Most of my services reside across two servers, which are named HAL-9000 and SAL-9000.
HAL is a Raspberry Pi 4 connected to a single HDD, and acts as a tiny media server for personal use. It runs:
SAL runs a lot more services, which I’ll refrain from listing here, as I keep adding and removing them over time. The most used ones are:
The complete list of services can be found in the terraform files here.
All of these services run in their own docker containers. This is a primary requirement for me, and I went to great lengths to make sure that nothing runs out of containers. Reasons are:
My home network sits behind my ISP’s NAT, so HAL cannot be reached directly from the Internet. To make it accessible, I use a VPN connection (tinc) between HAL and SAL to bridge the two servers, making HAL locally accessible from SAL. In this network, HAL gets the IP
10.0.0.2 while SAL is
10.0.0.1. This allows me to directly tunnel traffic from SAL to HAL, making it available over the internet.
Tunneling all traffic, though, would mean that services on SAL would be inaccessible. As it’s not guaranteed that all traffic can be identified, I cannot do this selectively for services too. The solution was to get a Floating IP on DigitalOcean and attach it to SAL. Floating IPs are reassignable IP addresses, which can be attached to running instances.
SAL, now has two public IP addresses, the floating IP and the instance’s own public IP. The floating IP connects to SAL through what DigitalOcean calls an Anchor IP, which is added as an alias to the default interface. Now, I can use two different IP addresses to reach my SAL. One by using the SAL’s public IP, and the other via the floating IP (anchor IP on the instance).
+-------------------+ | SAL-9000 | | +---------------+ | | | eth0 | | | | | | Internet ------------>| 188.8.131.52 | | | | | public IP | | | | | | | V | | | | 184.108.40.206 ------->| 10.47.0.5 | | Floating IP | | anchor IP | | | +---------------+ | +-------------------+
My DNS configuration says that
*.hal-9000 should point to the floating IP, while
*.sal-9000 should point to the SAL’s public IP.
I use HAProxy to redirect traffic received on the anchor IP to HAL at
10.0.0.2 over the VPN, and keep the rest on the instance itself. This could be easily done with iptables too, but I wanted all configurations to live in Terraform, hence HAProxy. I’ll be switching to iptables as soon as I add support for them in the Linux Provider.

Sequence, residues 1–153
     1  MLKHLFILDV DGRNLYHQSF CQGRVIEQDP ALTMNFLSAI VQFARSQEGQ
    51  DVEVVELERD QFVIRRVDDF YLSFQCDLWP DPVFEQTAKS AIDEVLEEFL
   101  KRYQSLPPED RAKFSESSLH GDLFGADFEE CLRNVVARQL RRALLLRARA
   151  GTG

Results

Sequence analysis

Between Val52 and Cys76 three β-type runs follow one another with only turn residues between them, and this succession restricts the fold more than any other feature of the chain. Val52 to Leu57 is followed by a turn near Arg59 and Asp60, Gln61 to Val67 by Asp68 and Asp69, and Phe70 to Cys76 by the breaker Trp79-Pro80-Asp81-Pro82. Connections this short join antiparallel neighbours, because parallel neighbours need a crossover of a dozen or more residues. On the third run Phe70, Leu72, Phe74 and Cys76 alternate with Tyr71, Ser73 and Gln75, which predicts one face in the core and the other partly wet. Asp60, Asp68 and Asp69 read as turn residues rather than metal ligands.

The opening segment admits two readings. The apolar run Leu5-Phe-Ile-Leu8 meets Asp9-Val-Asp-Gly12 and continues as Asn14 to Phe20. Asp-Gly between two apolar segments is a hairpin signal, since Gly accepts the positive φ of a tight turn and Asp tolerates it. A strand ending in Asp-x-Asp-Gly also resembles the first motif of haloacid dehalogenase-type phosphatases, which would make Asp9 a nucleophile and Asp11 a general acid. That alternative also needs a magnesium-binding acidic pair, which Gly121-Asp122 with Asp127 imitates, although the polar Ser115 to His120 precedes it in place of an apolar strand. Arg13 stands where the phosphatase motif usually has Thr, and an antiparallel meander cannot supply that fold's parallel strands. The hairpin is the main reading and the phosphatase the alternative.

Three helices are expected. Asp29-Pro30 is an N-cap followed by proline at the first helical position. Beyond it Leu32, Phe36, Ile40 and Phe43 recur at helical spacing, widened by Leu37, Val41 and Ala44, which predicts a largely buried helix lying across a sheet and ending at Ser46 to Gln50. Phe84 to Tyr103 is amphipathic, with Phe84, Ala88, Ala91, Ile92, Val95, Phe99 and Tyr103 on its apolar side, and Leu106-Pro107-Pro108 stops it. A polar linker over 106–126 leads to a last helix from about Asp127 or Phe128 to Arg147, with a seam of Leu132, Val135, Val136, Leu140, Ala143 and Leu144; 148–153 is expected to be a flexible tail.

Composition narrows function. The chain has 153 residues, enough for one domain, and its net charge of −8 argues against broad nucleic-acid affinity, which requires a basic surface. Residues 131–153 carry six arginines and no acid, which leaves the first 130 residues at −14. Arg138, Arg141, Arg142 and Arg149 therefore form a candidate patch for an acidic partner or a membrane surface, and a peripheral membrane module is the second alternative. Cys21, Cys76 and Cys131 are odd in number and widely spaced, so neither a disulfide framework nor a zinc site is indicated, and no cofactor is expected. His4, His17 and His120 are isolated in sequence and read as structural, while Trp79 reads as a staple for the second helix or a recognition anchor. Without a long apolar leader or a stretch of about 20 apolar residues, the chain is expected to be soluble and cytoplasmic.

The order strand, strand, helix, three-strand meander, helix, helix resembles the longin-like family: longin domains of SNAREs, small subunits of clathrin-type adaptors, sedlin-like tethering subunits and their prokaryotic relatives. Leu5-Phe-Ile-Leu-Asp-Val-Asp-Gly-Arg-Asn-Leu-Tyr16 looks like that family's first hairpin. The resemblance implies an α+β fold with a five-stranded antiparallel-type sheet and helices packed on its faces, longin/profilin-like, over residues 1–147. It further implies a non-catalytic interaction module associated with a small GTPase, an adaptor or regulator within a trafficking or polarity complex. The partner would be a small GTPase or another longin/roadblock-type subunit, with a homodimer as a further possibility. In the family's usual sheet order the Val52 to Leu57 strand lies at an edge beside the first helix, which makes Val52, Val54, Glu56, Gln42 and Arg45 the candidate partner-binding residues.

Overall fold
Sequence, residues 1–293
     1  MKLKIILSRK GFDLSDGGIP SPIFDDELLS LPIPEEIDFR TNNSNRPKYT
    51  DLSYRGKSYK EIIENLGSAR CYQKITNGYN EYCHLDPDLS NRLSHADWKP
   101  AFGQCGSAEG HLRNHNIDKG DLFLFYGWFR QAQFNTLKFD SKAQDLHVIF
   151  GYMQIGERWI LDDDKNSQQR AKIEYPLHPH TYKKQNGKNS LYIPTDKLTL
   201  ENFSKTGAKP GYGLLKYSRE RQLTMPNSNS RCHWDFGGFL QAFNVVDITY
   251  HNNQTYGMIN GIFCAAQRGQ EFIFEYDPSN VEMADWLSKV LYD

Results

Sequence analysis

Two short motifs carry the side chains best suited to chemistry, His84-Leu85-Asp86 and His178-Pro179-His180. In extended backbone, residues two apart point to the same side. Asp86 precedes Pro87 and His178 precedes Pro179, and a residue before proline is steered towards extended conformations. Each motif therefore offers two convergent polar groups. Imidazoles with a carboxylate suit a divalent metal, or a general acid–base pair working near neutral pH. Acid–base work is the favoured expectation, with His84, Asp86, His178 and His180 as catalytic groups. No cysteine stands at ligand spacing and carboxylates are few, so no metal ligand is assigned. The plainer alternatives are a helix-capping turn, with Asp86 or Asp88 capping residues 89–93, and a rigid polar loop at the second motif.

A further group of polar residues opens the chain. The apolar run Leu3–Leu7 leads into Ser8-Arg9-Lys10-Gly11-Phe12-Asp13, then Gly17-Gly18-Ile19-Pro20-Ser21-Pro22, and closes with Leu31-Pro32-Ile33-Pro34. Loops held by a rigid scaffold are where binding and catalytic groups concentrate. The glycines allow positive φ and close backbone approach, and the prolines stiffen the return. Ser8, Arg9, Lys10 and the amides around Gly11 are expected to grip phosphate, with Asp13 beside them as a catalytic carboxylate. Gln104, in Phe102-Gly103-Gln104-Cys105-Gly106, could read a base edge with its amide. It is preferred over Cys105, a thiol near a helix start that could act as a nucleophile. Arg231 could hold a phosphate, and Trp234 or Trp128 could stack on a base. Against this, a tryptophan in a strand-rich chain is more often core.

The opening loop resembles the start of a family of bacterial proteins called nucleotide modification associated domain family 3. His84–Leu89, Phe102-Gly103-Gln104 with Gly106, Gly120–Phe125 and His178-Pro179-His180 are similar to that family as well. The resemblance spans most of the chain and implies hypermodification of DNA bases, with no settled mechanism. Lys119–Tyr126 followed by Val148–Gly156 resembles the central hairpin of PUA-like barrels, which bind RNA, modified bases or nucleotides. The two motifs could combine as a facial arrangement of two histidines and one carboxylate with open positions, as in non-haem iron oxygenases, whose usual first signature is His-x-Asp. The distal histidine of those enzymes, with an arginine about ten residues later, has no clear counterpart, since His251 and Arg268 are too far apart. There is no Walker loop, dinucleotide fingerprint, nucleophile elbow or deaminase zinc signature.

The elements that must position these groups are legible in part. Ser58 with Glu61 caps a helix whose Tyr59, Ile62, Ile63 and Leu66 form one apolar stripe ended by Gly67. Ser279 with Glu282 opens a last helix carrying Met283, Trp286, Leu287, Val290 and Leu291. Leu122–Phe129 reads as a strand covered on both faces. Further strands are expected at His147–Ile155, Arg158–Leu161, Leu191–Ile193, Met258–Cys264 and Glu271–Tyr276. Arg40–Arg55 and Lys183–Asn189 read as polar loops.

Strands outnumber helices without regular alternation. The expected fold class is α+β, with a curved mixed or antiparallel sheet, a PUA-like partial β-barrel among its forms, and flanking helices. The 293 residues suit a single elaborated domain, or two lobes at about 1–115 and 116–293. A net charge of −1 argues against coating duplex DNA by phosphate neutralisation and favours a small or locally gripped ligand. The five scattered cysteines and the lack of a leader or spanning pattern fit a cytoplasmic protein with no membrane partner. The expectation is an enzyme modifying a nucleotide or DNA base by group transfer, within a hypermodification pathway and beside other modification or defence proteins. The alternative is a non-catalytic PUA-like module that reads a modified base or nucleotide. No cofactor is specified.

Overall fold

Once this step is cleared on both servers, all the traffic is forwarded to their respective docker containers. HTTP and TLS traffic, though, all goes to traefik, a reverse proxy with amazing support for Docker (with discovery), ACME, and some capable middlewares. Any contanier which needs to listen to HTTP or decrypted TCP traffic, registers itself with traefik and is ready to go. My traefik config is using Let’s Encrypt to get signed TLS certificates.
The following five services make up the monitoring stack of these servers:
Data from both the servers’ prometheus and loki is displayed on a Grafana instance running on SAL, which is also used for some rudimentary alerting.
A friend once asked why I was using separate loki and prometheus to store data for different servers, when one could suffice. It’s so that HAL can continue to write metrics to its own databases even in case of internet disruption at my home.
I use restic to backup all my docker volumes to Backblaze. Restic is able to deduplicate blobs too, so the total capacity used for backups is less than the sum of all the backups.
I am using Migadu as my email provider for now, but plan to try hosting it myself on a separate server later this year. I also use PIA as my VPN provider instead of hosting my own VPN server, mostly because I switch between regions often, and it was cheaper to use PIA than run VPN instances in different regions.
|Domain name||$30/year||Depending on the TLD, it can be $0 to $$$|
|Cloud Server||$240/year||I have a DigitalOcean instance with 4GB memory. A 512MB one costs $60/year|
|$48/year||I use migadu for my emails. It’s a Swiss provider which allow you to have multiple custom domains as long as you don’t send tons of emails everyday. I’d strongly recommend that you use your own domain for emails, to keep them migratory. But, if you don’t wanna shell out, you can go with free email providers too (Fastmail is pretty good), or maybe what Danny recommends if you really want that domain|
|Backup storage||$0/year||The 10GB free tier of Backblaze is able to store all my backups for now. It’s still pretty cheap at 0.5c/GB when it exceeds that limit though|
|Electricity||$15/year||Raspberry Pi running at 135kWh/year at 10c/hr|
|VPN||$40/year||I use PIA as my VPN provider. Alternatively, you can setup a VPN server on your machine too, if it fits your threat model and you don’t require all the different regions supported by PIA|
|Total||$373/year||If you just go with a small cloud server, and a cheap domain, you can probably bring this down to $61/year. If your home IP is not behind a NAT (static IP, or dynamic DNS), you can host this at your home too, bringing it down to just the hardware and electricity costs.|
Host things yourself. It’s fun.
- Sid Verma | Home | needs a job